@thiemowmde I don't know what you mean with the mutliple tickets you refer to. I am not aware of other tickets related to readability. I was just saying that the requirement you are trying to address will never be addressed even halfway. It's still nice to improve readability a bit if it is possible without much pain and without any other disadvantages, but I don't think that this is the case here.
@thiemowmde One could have documentation as a text that is added as a description of the property used for precision. However, most users would more likely read a web page than look up the description stored in an OWL file. In the end, when you type in a SPARQL query, there is not much documentation directly available to you, even if it is stored in the RDF database somewhere.
A big advantage of the numbers is that you can search for values where the precision is at least a certain value (e.g., dates with precision day or above). This would be lost when using URIs.
May 19 2015
@Jc3s5h You are right that date conversion only makes sense in a certain range. I think the software should disallow day-precision dates in prehistoric eras (certainly everything before -10000). There are no records that could possibly justify this precision, and the question of calendar conversion becomes moot. Do you think 4713BCE would be enough already, or do you think there could be a reason to find more complex algorithms to get calendar support that extends further to the past?
May 11 2015
Apr 3 2015
@daniel Changing the base URIs is not working as a way to communicate breaking changes to users of RDF. You can change them, but there is no way to make users notice this change, and it will just break a few more queries. It's just not how RDF works. Most of our test queries do not even mention any wikibase ontology URI, yet they are likely to be broken by changes to come. If you think that we need a way to warn users of such changes, you need to think of another way of doing this.
I agree with the proposal of @Smalyshev.
Mar 31 2015
@Smalyshev You comment on my Item 1 by referring to BlazeGraph and Virtuoso. However, my Item 1 is about reading Wikidata, not about exporting to RDF. Your concerns about BlazeGraph compatibility are addressed by my item 2. I hope this clarifies this part.
Mar 30 2015
@Smalyshev P.S. Your finding of "0000" years in our Virtuoso instance is quite peculiar given that this endpoint is based on RDF 1.0 dumps as they are currently generated in WDTK using this code: https://github.com/Wikidata/Wikidata-Toolkit/blob/a9f676bfbc2df545d386bfa72e5130fa280521a9/wdtk-rdf/src/main/java/org/wikidata/wdtk/rdf/values/TimeValueConverter.java#L112-L117
@Smalyshev We really want the same thing: move on with minimal disturbance as quickly as possible. As you rightly say, the data we generate right now is not meant for production use but for testing. We must make sure that our production environment will understand dates properly, but it's still some time before that. Here is my proposal summed up:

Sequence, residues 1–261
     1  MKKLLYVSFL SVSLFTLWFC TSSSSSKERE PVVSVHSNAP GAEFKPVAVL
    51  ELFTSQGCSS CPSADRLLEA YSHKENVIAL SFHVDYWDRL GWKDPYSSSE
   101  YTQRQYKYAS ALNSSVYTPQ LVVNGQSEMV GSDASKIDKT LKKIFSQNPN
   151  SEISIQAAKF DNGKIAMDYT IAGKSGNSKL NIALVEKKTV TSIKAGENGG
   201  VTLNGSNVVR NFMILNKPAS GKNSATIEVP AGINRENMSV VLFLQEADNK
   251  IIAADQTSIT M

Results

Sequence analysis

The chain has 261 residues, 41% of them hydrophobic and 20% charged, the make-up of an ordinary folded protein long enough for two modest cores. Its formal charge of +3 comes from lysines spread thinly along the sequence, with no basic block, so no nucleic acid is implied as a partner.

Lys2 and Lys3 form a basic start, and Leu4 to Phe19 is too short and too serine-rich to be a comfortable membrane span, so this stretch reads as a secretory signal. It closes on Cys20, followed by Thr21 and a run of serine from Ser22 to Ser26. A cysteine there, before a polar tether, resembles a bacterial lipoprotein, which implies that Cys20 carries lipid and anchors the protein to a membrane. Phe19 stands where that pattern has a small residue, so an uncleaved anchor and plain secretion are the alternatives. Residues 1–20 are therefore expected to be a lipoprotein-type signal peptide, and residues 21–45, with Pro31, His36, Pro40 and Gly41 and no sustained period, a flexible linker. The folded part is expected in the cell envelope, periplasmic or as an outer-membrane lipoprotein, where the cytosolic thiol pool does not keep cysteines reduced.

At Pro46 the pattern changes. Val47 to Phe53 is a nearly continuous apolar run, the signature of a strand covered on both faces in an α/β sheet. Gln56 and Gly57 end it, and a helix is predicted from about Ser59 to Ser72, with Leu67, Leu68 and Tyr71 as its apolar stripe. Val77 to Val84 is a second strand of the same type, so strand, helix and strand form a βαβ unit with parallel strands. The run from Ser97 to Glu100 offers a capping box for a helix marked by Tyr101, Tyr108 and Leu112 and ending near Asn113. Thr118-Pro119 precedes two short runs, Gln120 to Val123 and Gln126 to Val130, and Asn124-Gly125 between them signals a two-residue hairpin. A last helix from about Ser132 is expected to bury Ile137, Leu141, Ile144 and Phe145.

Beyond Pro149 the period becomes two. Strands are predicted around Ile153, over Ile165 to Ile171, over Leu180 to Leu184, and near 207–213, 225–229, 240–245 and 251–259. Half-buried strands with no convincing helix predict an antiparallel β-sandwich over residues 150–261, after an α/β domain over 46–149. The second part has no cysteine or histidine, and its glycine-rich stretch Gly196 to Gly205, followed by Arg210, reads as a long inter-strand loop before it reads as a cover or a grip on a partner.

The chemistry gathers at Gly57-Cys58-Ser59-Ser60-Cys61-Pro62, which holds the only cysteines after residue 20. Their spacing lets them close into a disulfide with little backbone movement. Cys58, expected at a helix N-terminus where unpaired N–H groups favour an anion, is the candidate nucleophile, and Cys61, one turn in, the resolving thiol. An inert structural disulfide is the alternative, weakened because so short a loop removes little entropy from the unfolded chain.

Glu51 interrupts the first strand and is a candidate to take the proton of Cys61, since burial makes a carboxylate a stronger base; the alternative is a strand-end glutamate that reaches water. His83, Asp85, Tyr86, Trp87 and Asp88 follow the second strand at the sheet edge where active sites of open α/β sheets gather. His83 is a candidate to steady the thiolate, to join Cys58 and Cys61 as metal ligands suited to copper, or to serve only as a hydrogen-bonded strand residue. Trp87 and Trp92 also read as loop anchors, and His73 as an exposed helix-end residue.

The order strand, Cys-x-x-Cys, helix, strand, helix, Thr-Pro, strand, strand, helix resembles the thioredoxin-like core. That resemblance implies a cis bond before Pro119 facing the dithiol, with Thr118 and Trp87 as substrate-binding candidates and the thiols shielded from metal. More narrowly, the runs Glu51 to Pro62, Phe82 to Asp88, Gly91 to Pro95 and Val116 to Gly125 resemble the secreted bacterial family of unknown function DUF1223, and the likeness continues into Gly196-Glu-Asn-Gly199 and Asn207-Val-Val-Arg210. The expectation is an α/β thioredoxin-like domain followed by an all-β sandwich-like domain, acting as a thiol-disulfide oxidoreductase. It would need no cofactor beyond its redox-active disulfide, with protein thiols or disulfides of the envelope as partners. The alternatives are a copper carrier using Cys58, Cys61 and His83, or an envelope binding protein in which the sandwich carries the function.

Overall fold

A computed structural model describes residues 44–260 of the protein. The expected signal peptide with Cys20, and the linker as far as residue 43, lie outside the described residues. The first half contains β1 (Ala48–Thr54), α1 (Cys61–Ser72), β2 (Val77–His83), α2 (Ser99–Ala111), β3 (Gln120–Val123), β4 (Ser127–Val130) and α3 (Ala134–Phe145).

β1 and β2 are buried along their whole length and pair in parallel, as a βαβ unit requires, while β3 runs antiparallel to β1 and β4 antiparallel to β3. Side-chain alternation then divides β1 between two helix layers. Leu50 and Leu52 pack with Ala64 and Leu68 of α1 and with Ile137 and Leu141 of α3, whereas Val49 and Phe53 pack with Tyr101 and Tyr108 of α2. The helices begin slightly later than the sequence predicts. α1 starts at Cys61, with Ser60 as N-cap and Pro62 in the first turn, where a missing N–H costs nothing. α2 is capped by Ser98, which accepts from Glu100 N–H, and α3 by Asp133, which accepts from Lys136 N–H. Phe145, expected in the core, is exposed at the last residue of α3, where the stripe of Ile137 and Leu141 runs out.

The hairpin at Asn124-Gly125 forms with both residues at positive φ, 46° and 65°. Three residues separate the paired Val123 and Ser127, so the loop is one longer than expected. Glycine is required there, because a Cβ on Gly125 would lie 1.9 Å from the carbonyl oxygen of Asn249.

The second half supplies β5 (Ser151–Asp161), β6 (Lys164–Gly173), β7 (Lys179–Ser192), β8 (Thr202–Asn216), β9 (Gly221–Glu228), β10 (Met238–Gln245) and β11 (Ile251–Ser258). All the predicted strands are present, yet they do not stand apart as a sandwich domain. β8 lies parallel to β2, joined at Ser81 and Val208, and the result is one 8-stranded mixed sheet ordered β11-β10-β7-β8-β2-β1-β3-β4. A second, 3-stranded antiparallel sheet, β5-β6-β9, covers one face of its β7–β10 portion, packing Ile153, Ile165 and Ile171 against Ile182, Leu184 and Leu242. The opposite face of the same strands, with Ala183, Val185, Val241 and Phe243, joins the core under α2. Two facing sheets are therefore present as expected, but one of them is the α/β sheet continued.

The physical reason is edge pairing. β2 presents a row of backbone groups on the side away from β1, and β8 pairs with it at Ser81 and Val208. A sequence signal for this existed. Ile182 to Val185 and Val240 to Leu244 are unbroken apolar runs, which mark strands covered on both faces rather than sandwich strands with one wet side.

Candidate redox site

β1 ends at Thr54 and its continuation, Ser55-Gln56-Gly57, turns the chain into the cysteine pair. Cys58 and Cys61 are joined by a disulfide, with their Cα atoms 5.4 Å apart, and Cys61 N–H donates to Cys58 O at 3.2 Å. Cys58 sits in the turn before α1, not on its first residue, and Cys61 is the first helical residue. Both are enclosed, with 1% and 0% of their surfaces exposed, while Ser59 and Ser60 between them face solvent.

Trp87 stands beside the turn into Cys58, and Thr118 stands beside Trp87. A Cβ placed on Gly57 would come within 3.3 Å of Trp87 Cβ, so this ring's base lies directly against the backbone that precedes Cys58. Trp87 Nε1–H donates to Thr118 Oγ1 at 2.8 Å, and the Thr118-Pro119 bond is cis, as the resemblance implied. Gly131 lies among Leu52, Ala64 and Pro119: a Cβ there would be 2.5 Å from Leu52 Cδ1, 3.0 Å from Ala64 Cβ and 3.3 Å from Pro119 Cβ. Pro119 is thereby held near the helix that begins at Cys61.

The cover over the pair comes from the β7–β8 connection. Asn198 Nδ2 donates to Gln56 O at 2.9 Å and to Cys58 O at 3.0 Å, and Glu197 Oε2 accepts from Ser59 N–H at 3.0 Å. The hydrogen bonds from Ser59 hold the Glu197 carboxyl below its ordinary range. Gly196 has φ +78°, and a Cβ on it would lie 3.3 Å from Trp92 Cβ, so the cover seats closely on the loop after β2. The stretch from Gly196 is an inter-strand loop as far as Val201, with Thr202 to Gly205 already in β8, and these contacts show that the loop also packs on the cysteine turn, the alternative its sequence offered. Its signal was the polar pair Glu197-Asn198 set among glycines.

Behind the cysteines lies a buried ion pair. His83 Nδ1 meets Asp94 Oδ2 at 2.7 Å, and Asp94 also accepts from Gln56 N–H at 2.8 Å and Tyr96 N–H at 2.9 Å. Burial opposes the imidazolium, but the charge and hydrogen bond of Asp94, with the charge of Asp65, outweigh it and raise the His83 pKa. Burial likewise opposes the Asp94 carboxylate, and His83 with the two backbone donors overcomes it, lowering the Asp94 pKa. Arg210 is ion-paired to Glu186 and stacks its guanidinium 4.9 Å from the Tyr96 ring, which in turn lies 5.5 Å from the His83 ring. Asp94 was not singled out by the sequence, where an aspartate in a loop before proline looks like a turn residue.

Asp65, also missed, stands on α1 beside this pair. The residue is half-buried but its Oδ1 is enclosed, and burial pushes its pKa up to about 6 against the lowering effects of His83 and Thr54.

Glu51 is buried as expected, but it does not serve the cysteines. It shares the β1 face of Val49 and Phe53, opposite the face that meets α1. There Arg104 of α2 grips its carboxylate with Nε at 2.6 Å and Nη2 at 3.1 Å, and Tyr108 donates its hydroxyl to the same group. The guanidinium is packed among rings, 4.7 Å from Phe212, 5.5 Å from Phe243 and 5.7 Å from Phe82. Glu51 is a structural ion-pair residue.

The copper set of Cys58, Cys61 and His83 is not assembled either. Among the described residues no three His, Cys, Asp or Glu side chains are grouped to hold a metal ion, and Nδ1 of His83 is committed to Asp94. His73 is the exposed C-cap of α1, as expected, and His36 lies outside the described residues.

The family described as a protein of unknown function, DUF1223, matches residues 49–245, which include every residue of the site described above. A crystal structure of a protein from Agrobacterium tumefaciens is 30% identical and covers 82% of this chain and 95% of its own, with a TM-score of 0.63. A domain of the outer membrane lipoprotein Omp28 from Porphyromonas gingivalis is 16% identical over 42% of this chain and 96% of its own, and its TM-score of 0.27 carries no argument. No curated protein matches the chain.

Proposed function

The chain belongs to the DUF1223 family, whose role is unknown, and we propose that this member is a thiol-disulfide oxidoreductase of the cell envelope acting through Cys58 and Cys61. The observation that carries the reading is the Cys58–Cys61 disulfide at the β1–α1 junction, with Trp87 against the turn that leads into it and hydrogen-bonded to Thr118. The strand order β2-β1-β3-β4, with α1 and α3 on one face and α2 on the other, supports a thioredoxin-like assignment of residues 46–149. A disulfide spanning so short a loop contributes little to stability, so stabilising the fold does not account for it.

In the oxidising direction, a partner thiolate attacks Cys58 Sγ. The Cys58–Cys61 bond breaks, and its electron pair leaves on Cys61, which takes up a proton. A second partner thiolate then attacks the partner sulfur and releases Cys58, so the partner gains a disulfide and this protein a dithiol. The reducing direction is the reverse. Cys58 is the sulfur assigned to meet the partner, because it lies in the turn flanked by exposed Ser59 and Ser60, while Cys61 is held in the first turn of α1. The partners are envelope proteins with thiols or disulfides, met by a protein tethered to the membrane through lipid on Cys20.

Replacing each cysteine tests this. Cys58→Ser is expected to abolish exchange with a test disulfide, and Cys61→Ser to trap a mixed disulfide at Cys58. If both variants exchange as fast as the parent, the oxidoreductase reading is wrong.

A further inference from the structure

@mkroetzsch I already listed a few of the tools that implement XSD 1.0 style BCE years and I read your answer as to say that you know of no tools that implement XSD 1.1 style BCE years.
Feel free to post a list of the RDF tools that you found to implement RDF 1.0 rather than RDF 1.1 in terms of dates.
Re "halting the work on the query engine"/"produce code now": The WDTK RDF exports are generated based on the original specification. There is no technical issue with this and it does not block development to do just this. The reason we are in a blocker situation is that you want to move forward with an implementation that is different from the RDF model we proposed and that goes against our original specification, so that Denny and I are fundamentally disagreeing with your design. If you want to return to the original plan, please do it and move on. If not, then better wait until Lydia has a conclusion for what to do with dates, rather than implementing your point of view without consensus. For me, this is a benchmark of whether or not our current discussion setup is working.
Mar 29 2015
@mkroetzsch Do you know of some widely used software that implements XSD 1.1 handling of BCE dates?
@Smalyshev @Lydia_Pintscher Dates without years should not be allowed by the time datatype. They are impossible to order, almost impossible to query, and they do not have any meaning whatsoever in combination with a preferred calendar model. All the arguments @Denny has already given elsewhere for why we should unify dates to Proleptic Gregorian internally apply here too. My suspicion is that the existing dates of this form are simply a glitch in the UI, where users got the impression that dates without years are recognized and pressing "save" silently set the year to zero without them seeing the change in meaning. If this is an important use case, then we should develop a day-of-year datatype that supports this, or suggest the community to use dedicated properties/qualifiers to encode this. However, other datatype extensions would be much more important than this rare case (e.g., units of measurement).
Mar 27 2015